Kind of like the monks “munching” on God’s word during the day.
Holt quotes Clive James’s book, Cultural Amnesia, where he declares that “the future of the humanities as a common possession depends on the restoration of a simple, single ideal: getting poetry by heart.”
Maybe there’s really that much at stake. Or maybe it’s just a heightened experience of pleasure (poetry) or spirituality (Scriptures) that I’m intrigued by. For Holt, it was definitely the former:
It’s a physical feeling, and it’s a deeply pleasurable one. You can get something like it by reading the poem out loud off the page, but the sensation is far more powerful when the words come from within.
I’m reminded that every time I’ve heard my favorite poet, Beth Ann Fennelly, “read” from her work, she rarely looks at the written words on the pages in front of her. Her poetry is a part of her, and her delivery is much more transparent as a result. And really, I think the same can be said about reciting the Psalms, or even prayers, in church. During the sections of the service that I know by heart, my intellect gets out of the way and lets my heart take over.

I’m leaving for the beach (Seagrove) tomorrow through Monday…. and maybe I’ll take along a few of my favorite poems and try memorizing them on my morning walks. Ahhh, I can almost smell the ocean breeze now. But I’m leaving Memphis with a mixture of joy and sadness, as my dear friend, Nancy, lost her husband Lloyd to cancer today. I was blessed to spend some time with them on Friday, and I hope that my presence was even a tiny balm on Nancy’s pain. (This is Nancy and Lloyd about a year ago.) And that hope is expressed beautifully in one of my favorite poems, (which was also set to music by Kim Delmhorst, “Invisible Choir,” on her Strange Conversation CD), so I’ll leave you with George Eliot’s 1867 poem: (the last verse is my favorite)

O May I Join the Choir Invisible
Longum Illud tempus, Quum Non Ero, Magis Me Movet, Quam Hoc Exiguum.—Cicero, Ad Att., Xii. 18O
MAY I join the choir invisible
Of those immortal dead who live again
In minds made better by their presence: live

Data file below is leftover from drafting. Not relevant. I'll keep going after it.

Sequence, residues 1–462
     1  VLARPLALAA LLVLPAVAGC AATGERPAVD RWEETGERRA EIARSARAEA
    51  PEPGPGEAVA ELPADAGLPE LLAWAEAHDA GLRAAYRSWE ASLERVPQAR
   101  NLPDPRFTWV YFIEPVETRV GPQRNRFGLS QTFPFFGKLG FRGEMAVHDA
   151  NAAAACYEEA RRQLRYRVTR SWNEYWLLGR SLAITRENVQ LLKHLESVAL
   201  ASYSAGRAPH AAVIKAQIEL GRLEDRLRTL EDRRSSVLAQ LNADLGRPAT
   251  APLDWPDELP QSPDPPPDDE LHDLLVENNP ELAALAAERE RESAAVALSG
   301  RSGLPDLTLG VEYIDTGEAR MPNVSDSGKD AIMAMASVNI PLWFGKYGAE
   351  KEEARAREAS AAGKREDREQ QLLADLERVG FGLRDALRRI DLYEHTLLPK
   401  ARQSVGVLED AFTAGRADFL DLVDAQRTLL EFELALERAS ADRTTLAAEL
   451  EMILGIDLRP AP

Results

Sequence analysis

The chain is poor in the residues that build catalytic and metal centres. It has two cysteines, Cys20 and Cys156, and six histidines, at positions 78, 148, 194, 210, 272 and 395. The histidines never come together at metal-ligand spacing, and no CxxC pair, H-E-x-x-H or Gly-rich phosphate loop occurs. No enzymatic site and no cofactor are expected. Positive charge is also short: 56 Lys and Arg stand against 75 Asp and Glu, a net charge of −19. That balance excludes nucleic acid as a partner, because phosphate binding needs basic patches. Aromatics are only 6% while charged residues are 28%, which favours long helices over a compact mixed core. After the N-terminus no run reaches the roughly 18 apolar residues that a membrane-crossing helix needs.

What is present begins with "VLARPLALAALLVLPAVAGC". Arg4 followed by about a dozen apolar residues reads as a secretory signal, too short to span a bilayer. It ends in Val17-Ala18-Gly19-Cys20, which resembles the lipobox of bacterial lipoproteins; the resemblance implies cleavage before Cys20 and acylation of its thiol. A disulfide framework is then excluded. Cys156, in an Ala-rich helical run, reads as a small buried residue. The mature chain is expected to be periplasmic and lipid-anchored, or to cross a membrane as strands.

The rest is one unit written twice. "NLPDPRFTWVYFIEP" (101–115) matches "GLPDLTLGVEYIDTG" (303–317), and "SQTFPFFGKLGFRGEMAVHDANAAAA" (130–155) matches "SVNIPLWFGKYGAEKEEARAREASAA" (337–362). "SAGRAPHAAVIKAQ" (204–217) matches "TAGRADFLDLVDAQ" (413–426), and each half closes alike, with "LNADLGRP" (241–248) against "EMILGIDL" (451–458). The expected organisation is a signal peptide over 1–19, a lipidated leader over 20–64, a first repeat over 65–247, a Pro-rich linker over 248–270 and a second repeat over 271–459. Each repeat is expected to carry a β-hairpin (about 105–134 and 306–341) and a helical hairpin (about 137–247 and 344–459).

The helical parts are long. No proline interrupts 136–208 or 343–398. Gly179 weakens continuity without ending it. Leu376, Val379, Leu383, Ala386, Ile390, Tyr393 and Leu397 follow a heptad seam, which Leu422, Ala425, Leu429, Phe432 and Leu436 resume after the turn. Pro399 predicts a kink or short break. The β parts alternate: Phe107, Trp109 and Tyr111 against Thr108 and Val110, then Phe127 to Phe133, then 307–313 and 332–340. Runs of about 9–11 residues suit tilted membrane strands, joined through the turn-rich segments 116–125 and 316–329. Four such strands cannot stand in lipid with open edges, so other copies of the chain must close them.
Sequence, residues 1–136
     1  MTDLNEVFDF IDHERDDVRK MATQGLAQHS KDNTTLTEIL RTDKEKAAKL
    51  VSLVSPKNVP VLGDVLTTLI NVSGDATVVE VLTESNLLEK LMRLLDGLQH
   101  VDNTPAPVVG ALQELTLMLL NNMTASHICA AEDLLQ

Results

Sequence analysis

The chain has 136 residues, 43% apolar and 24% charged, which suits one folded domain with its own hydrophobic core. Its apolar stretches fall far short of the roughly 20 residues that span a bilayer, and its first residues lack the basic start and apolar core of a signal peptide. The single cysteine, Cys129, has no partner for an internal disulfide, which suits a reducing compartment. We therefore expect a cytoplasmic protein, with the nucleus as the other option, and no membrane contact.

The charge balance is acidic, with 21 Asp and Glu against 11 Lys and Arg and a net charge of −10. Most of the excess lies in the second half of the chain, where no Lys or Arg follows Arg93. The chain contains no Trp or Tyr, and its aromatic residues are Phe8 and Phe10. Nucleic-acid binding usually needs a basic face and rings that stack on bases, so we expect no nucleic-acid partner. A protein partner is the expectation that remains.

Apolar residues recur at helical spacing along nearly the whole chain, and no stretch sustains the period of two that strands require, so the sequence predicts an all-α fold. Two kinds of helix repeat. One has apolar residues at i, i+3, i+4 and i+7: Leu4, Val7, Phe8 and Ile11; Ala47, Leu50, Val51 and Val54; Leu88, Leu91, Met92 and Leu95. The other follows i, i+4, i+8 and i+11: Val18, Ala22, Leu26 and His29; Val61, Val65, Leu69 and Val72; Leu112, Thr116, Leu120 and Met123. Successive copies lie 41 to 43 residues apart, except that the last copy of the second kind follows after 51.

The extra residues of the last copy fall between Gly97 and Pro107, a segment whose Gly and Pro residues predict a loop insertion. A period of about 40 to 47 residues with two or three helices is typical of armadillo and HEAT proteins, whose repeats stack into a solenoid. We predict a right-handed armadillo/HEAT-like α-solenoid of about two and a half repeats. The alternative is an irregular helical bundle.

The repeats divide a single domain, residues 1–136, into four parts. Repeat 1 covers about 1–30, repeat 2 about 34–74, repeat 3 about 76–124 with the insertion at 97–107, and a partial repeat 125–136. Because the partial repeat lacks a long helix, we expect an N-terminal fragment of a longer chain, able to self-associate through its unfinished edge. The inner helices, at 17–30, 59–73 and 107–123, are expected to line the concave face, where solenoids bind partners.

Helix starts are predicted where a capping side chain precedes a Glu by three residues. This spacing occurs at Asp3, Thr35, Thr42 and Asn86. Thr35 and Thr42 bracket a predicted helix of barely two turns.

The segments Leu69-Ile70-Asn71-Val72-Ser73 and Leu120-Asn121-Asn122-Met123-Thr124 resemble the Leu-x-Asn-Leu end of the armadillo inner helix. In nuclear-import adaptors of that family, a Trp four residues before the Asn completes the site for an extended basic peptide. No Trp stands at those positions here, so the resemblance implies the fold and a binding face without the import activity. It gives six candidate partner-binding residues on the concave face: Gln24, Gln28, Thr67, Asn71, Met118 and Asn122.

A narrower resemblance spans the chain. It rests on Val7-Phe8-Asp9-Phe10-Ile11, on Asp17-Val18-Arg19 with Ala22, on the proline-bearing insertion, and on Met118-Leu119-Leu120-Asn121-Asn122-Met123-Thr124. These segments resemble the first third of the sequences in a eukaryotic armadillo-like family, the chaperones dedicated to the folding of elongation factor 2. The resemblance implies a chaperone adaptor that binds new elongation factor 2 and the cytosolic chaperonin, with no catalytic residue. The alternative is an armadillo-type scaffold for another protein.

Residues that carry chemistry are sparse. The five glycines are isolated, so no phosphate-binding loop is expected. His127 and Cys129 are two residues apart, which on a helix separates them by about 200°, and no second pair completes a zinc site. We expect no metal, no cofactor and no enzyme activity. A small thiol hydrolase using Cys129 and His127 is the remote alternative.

In pulses stirr’d to generosity,
In deeds of daring rectitude, in scorn
For miserable aims that end with self,
In thoughts sublime that pierce the night like stars,
And with their mild persistence urge man’s search
To vaster issues.

So to live is heaven:
To make undying music in the world,
Breathing as beauteous order that controls
With growing sway the growing life of man.
So we inherit that sweet purity
For which we struggled, fail’d, and agoniz’d
With widening retrospect that bred despair.
Rebellious flesh that would not be subdued,
A vicious parent shaming still its child,
Poor anxious penitence, is quick dissolv’d;
Its discords, quench’d by meeting harmonies,
Die in the large and charitable air.

And all our rarer, better, truer self,
That sobb’d religiously in yearning song,
That watch’d to ease the burthen of the world,
Laboriously tracing what must be,
And what may yet be better,—saw within
A worthier image for the sanctuary,
And shap’d it forth before the multitude,
Divinely human, raising worship so
To higher reverence more mix’d with love,
—That better self shall live till human Time
Shall fold its eyelids, and the human sky
Be gather’d like a scroll within the tomb
Unread forever.

This is life to come,
Which martyr’d men have made more glorious
For us who strive to follow.
May I reach That purest heaven, be to other souls
The cup of strength in some great agony,
Enkindle generous ardor, feed pure love,
Beget the smiles that have no cruelty,
Be the sweet presence of a good diffus’d,
And in diffusion ever more intense!

So shall I join the choir invisible
Whose music is the gladness of the world.

Sunday, April 19, 2009

Christ Has Risen and the Women Dance With Joy!

Christ is Risen! Today is Pascha for Orthodox Christians all over the world… including my brothers and sisters here at St. John Orthodox Church in Memphis, where the celebration is ongoing with today’s “Agape Vespers,” egg hunt and picnic. But let’s back up to yesterday:

Holy Saturday afternoon brought a heightening festive spirit to the kitchen at St. John where a few of the women in the choir gathered to practice new music and “help” the others who were preparing the Easter Soup. Many thanks especially to Kim and Mindy, my main cooks... but also to Christine, for squeezing all the lemons!

Chopping green onions, cilantro and parsley… squeezing lemons… browning the ground lamb… sautéing the spices… simmering the soup…

All the while enjoying a little wine (as is allowed on Holy Saturday) and the feeling of being inside a multi-tasking spiritual organism… others were decorating the nave and fellowship hall with flowers for the feast, while others still were upstairs reading scriptures during the vigil.

And finally, at 11 p.m., we gathered to begin the Feast of Feasts. It was raining, so we weren’t able to do an outdoor procession this year, but that didn’t dampen our joy. At. All.
One of my favorite hymns of Pasch says it all: